Su casa es Televisa’s casa

Spanish-lingo giant brings content to homevid for the first time

November 10th, 2002 by mary sutter

MIAMI — Mexico’s Televisa is launching its Spanish-lingo home-entertainment label into the United States this year, with plans to enter Latin American and certain European markets in 2003.

The global rollout of Televisa Home Entertainment  is being handled  by Televisa Internacional, the Miami-based  distribution arm of the Mexican media giant.

Televisa Intl. inked a U.S. distribution accord with Santa Monica-based  Xenon Pictures, which specializes in urban and ethnic niche films. The partners aim to have videos and DVDs in stores in time for the holiday shopping season.

Early next year, Televisa will release their popular soap operas, giving novelas a new lease on life.

Unlike U.S. series, Latin soaps air as weekday strips, and the story concludes after a four-to-six month run. Popular novelas have been re-made (knovm as refritos) but are never shown as reruns or in any other format until now.

Xenon Pictures’ founder and CEO Leigh Savidge says his firm approached Televisa when it got wind of its plans, seeing enormous opportunity in America’s Latin sector.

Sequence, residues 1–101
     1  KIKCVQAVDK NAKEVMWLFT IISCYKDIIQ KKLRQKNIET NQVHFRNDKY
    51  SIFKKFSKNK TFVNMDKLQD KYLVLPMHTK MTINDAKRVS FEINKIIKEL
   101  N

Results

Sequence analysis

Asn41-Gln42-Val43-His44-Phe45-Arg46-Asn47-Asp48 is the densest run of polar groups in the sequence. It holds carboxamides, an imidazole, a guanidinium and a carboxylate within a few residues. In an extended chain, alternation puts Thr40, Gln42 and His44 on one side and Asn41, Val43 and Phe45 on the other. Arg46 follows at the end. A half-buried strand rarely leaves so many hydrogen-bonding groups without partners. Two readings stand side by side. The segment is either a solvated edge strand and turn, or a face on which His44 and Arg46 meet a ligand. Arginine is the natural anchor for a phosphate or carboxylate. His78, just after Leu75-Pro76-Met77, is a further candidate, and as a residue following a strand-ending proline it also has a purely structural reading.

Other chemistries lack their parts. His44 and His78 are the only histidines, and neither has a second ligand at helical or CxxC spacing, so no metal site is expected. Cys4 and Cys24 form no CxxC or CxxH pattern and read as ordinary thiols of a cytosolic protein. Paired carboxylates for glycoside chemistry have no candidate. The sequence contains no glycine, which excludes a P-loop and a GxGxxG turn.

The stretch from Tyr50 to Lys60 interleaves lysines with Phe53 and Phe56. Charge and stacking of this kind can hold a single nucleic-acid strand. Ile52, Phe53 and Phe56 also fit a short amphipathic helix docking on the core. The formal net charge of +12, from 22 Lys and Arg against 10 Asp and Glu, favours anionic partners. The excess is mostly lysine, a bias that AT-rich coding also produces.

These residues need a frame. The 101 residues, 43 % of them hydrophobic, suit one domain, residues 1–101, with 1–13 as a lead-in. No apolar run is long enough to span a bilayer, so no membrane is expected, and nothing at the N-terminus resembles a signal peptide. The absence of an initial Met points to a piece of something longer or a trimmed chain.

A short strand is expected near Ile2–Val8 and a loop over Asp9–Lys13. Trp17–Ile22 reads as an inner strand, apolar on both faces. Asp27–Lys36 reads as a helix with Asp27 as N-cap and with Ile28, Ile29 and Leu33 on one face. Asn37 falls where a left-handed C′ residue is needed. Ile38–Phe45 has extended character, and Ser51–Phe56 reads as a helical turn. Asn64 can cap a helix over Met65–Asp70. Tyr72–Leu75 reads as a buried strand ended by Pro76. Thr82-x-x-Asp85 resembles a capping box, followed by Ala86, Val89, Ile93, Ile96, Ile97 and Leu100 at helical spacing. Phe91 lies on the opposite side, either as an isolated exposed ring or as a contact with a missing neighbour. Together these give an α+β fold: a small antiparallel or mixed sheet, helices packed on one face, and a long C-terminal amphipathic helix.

“The timing is right for this. This is the hottest single ethnic niche going forward.” Savidge told Variety. “It’s a half a billion to $1 billion business.”

Gerardo Casanova Morales, director of new business development at Televisa Intl., said he was impressed  with Xenon’s track record  with other ethnic niches. “They opened the industry for the black and Asian markets.”

Televisa, which owns four broadcast nets in Mexico, is the world’s largest producer of Spanish-lingo  programming.

Casanova Morales’ goal is to release about 48 titles into the U.S. market during the first 12 months.

“It will be a very wide range of titles,” drawing from Televisa’s different operating units, he said. “Documentaries, musical productions, soap operas, movies.”

The first release  will be a “best of” compilation of episodes of the long-running family comedy show “El Chavo.” Featuring adults dressed as and portraying children, the program ran for decades in Mexico and was successfully exported to broadcasters around Latin America.

Docus will include bios of famed actors such as Maria Felix and Pedro Infante, politicos and historical figures. Televisa also has the rights to Mexican publisher Clio’s historical series entitled “20th Century Mexico.”

Savidge says Xenon Pictures has an existing relationship with retailers like Wal-Mart, K-Mart and Blockbuster, among others.

When Xenon first introduced African-American themed videos, “we focused on specific store sites and on stores within chains,” Savidge said. “We are going to do the same thing with Televisa.”